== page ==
Joseph McGrath (Duke Vincentio) is a graduate of the Juilliard School of Drama and is the Artistic Director for The Rogue Theatre for which he has directed and performed in many plays.  Joe was most recently seen at The Rogue Theatre in the title role of Richard III, as Griffin in The Night Heron, the Jade Emperor in Journey to the West, Leontes in The Winter’s Tale, Patsy in The New Electric Ballroom, in the ensemble of Shipwrecked! and as Andrew Undershaft in Major Barbara. In 2009 Joe won the Arizona Daily Star Mac Award for Best Actor for his portrayal of Tobias in A Delicate Balance. He has toured with John Houseman’s Acting Company, performed with the Utah Shakespearean Festival, and he is a frequent performer with Ballet Tucson appearing in The Hunchback of Notre Dame, Cinderella, A Midsummer Night’s Dream, Dracula and The Nutcracker. He has also performed with Arizona Theatre Company, Arizona Opera, Tucson Art Theatre, and Arizona Onstage. Joe owns, with his wife Regina Gagliano, Sonora Theatre Works, which produces theatrical scenery and draperies.
Joseph McGrath’s performance is supported in part by a generous gift from John & Joyce Ambruster.

Steve McKee (Gentleman, Elbow, Barnardine) appeared with The Rogue Theatre as Lord Stanley and Sir Robert Brackenbury in Richard III, part of the ensemble in Mother Courage and Her Children, and as Camillo in The Winter’s Tale. He was also featured in Passionately, Piazzolla!, Chamber Music Plus’ collaboration with Ballet Tucson as part of the Inaugural Tucson Desert Song Festival earlier this year. Steve has worked with many local theatre companies and been featured in independent and student films. Favorite roles include Harpagon in The Miser, Halder in Good, Terrence in Breaking Legs, A.C. in Beowulf Alley Theatre's Death of Zukasky and Panch in Arizona Onstage Productions' 25th Annual Putnam County Spelling Bee. Ensemble work includes Sweeney Todd and The Full Monty with Arizona Onstage Productions. Steve has also appeared locally with Live Theatre Workshop and Borderlands Theatre.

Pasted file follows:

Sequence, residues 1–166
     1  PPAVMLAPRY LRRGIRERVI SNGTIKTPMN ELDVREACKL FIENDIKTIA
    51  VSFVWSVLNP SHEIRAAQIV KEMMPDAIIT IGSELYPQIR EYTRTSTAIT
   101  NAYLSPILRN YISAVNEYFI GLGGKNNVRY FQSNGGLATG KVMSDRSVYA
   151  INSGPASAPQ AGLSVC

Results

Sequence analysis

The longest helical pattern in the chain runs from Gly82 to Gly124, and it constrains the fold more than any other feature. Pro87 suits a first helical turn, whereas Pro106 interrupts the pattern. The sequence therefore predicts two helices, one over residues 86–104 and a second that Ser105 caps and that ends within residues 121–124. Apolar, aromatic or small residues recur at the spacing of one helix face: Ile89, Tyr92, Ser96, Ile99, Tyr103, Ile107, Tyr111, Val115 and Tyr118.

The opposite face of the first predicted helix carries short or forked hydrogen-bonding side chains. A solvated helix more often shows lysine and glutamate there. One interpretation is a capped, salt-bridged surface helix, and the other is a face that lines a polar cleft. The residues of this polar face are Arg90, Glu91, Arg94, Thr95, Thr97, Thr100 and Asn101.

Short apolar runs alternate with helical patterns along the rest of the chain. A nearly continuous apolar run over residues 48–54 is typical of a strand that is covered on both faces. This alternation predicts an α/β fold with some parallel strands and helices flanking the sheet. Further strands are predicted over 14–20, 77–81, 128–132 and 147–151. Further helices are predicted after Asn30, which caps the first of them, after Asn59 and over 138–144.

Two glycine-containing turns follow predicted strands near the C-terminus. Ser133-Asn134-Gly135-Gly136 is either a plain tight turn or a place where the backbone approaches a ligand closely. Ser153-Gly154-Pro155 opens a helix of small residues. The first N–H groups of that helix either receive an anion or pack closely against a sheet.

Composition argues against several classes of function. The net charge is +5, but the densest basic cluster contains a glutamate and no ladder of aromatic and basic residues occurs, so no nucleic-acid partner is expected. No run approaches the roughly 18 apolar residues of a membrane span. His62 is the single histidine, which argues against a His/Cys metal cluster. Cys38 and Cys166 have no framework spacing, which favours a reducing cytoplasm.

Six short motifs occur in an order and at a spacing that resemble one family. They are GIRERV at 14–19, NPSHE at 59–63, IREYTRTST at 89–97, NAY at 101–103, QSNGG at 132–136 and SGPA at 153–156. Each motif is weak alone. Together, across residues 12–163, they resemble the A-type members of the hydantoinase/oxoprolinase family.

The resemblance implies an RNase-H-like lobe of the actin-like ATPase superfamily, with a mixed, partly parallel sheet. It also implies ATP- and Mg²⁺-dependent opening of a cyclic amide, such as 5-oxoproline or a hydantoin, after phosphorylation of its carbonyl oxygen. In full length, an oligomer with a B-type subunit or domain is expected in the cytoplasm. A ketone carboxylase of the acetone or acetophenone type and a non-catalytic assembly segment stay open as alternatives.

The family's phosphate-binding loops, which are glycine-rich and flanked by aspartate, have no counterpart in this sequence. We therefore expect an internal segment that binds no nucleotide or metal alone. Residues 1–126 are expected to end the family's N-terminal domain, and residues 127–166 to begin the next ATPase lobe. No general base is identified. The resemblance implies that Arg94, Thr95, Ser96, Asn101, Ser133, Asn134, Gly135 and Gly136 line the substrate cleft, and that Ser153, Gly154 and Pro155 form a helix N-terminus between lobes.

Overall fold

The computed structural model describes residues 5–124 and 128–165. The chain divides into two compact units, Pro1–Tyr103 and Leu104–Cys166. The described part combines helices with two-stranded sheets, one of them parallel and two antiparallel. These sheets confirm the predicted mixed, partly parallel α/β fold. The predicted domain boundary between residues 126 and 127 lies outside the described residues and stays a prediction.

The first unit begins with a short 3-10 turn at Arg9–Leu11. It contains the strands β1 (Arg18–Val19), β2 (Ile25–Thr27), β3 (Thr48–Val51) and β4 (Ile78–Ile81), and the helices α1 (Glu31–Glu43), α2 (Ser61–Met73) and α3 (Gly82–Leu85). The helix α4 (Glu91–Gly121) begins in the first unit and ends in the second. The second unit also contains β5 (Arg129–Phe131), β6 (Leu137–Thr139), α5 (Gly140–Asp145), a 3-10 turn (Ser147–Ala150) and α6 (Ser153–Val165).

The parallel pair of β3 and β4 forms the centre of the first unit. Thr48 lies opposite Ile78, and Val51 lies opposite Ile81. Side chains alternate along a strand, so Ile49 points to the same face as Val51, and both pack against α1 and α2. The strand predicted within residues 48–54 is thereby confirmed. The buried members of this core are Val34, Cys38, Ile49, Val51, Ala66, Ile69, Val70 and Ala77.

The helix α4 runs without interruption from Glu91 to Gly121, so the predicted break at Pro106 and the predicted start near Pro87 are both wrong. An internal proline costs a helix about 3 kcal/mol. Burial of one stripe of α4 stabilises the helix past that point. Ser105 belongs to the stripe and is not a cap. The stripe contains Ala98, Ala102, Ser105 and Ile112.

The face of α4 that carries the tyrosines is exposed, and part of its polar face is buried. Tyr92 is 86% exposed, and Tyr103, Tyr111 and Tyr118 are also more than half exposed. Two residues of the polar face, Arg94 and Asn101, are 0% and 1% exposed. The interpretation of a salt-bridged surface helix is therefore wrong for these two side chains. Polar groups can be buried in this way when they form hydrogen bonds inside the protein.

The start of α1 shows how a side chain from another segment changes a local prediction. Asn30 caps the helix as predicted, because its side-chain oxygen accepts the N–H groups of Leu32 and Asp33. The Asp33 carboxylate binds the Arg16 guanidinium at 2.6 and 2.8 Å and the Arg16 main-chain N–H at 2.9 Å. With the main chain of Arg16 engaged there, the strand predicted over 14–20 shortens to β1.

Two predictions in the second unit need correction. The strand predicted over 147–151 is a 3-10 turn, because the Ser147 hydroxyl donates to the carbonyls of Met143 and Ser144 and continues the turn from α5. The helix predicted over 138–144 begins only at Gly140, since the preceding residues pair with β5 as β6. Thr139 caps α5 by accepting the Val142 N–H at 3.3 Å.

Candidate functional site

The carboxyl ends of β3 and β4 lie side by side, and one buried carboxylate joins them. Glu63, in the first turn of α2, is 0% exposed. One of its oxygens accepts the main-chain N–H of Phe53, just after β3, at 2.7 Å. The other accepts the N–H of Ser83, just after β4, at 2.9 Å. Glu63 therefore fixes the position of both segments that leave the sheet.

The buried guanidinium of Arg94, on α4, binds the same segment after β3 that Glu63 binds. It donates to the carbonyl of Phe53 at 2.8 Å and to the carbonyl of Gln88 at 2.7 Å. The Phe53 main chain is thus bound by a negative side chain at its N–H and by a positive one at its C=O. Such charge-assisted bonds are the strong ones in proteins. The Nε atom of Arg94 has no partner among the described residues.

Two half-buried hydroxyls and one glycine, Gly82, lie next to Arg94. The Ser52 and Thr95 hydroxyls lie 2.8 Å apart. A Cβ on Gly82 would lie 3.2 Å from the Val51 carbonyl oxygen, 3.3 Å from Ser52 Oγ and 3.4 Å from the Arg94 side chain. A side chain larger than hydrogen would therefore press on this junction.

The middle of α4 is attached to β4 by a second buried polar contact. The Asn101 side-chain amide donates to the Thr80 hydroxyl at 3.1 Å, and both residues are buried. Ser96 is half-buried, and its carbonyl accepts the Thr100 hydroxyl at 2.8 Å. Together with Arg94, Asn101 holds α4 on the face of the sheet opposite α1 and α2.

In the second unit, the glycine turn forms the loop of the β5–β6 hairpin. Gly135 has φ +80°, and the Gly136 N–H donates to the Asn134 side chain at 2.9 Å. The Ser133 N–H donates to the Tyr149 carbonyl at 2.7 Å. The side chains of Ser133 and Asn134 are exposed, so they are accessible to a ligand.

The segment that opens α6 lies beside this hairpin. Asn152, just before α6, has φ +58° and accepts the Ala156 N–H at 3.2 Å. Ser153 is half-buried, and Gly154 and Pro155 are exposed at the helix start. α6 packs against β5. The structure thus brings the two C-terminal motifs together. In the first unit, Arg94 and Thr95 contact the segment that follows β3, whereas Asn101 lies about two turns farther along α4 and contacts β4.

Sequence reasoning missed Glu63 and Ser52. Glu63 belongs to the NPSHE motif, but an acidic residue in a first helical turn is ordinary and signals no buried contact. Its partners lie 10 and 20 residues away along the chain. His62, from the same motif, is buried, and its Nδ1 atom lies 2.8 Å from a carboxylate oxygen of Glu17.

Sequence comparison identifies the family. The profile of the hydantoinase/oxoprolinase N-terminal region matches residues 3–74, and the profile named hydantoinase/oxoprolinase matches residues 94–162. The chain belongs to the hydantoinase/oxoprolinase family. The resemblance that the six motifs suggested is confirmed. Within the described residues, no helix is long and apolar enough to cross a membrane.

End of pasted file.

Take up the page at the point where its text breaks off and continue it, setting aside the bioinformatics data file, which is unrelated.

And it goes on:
Steve McKee (Gentleman, Elbow, Barnardine)
Cynthia Meier (Mistress Overdone, Francisca)

Cynthia Meier (Mistress Overdone, Francisca) is the Managing and Associate Artistic Director for The Rogue Theatre, where she most recently played The Bhagavata in Mistake of the Goddess (Hayavadana), the title role in Mother Courage and Her Children, Bolla in The Night Heron, Clara in The New Electric Ballroom and Addie Bundren in As I Lay Dying. Cynthia has been nominated for six Mac Awards for Best Actress from the Arizona Daily Star. In 2008, she received the Mac Award for Best Actress for her performance in The Rogue’s production of The Goat. She has also performed in Cat on a Hot Tin Roof (Arizona Repertory Theatre), A Streetcar Named Desire (Arizona Theatre Company), Blithe Spirit and A Midsummer Night’s Dream (Michigan Repertory Theatre), Romeo & Juliet and Chicago Milagro (Borderlands Theatre) and A Namib Spring (1999 National Play Award winner). Cynthia co-founded Bloodhut Productions, a company performing original monologues and comedy improvisation, which toured throughout the western United States. Last season, she directed Journey to the West, Metamorphosis and Richard III for The Rogue Theatre. Cynthia holds a Ph.D. in Performance Studies from the University of Arizona.